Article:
Between the backyard work studios, the chic dog houses, and the world's thinnest abode, it's pretty clear that architects relish cramming a lot of design into a small space. The HUS-1, this vaguely tubular, 270-square-foot dwelling by Swedish architect Torsten Ottesjö, provides yet another example of a microhome that's got loads of design chutzpah. Supposedly, "visiting friends always have room" in this two-person space, which includes a kitchen, dining table, and hallway. Ottesjö is obviously enamored with his creation, describing (in oft rambling, cerebral detail) how the swoopy features—"block-shaped" buildings are "not a suitable environment for humans," don't you know—effectively "adapt the house to Nature's infinite variety of form." That's all very intellectual and all, but let's call it like it is: the hut is intriguing because it looks like a bleak fairytale cottage, what with its dislocated appearance, spruce shingles, leaf-like window, and general shapeliness. Check out more images—including one of the curvy interior—below.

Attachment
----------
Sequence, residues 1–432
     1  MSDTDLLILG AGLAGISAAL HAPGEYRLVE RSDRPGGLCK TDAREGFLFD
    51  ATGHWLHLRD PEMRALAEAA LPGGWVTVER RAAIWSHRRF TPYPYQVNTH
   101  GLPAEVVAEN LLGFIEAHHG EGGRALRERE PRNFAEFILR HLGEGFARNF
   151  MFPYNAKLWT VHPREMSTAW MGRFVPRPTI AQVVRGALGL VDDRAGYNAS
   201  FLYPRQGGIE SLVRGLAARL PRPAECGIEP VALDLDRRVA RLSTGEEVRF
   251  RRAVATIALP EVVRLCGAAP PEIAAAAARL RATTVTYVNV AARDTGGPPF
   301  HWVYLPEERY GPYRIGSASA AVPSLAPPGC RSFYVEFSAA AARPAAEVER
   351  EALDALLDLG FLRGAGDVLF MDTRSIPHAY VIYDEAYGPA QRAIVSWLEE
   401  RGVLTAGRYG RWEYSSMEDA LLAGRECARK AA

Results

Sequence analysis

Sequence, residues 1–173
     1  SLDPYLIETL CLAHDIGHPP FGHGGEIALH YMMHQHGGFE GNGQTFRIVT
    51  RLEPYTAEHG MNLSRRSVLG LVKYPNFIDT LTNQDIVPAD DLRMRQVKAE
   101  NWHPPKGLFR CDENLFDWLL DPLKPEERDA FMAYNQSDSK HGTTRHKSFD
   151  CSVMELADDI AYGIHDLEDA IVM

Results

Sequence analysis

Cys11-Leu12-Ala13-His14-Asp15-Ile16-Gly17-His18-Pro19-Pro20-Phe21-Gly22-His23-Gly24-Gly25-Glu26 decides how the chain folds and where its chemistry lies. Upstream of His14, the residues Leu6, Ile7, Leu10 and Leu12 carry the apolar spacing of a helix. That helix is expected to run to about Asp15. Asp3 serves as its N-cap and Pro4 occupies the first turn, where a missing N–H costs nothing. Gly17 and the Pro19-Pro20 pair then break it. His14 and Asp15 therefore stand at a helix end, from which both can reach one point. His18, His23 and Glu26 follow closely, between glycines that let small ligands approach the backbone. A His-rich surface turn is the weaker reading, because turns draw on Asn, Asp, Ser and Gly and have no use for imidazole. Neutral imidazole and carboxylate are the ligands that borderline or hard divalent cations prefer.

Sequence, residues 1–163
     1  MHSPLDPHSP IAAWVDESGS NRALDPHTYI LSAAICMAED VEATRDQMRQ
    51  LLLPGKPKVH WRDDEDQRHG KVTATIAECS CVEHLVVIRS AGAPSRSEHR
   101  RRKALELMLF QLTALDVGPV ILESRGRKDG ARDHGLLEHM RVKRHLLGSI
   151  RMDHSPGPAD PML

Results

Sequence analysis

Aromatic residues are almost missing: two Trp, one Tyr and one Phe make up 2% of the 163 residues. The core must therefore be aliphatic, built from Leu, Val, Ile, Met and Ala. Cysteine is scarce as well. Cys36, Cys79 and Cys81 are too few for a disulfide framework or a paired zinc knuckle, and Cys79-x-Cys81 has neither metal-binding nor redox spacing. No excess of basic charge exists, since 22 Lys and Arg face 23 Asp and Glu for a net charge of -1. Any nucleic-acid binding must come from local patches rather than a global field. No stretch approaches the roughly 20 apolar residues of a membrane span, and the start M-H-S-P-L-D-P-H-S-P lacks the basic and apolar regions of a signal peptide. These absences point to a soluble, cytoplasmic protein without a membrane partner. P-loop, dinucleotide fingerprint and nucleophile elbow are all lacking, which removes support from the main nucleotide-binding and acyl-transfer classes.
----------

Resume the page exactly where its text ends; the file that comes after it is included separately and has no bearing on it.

· A 21st Century Log Cabin: Torsten Ottesjö's Hus-1 Eco Lodge in Sweden [Architizer]
· Six Garden Sanctuaries For the Modern-Day Thoreau [Curbed National]
· This Le Corbusier-Inspired House is Fit for a Modern Pooch [Curbed National]
· Come Take a Tour of the Thinnest House on the Planet [Curbed National]
· HUS-1 [Torsten Ottesjö's website]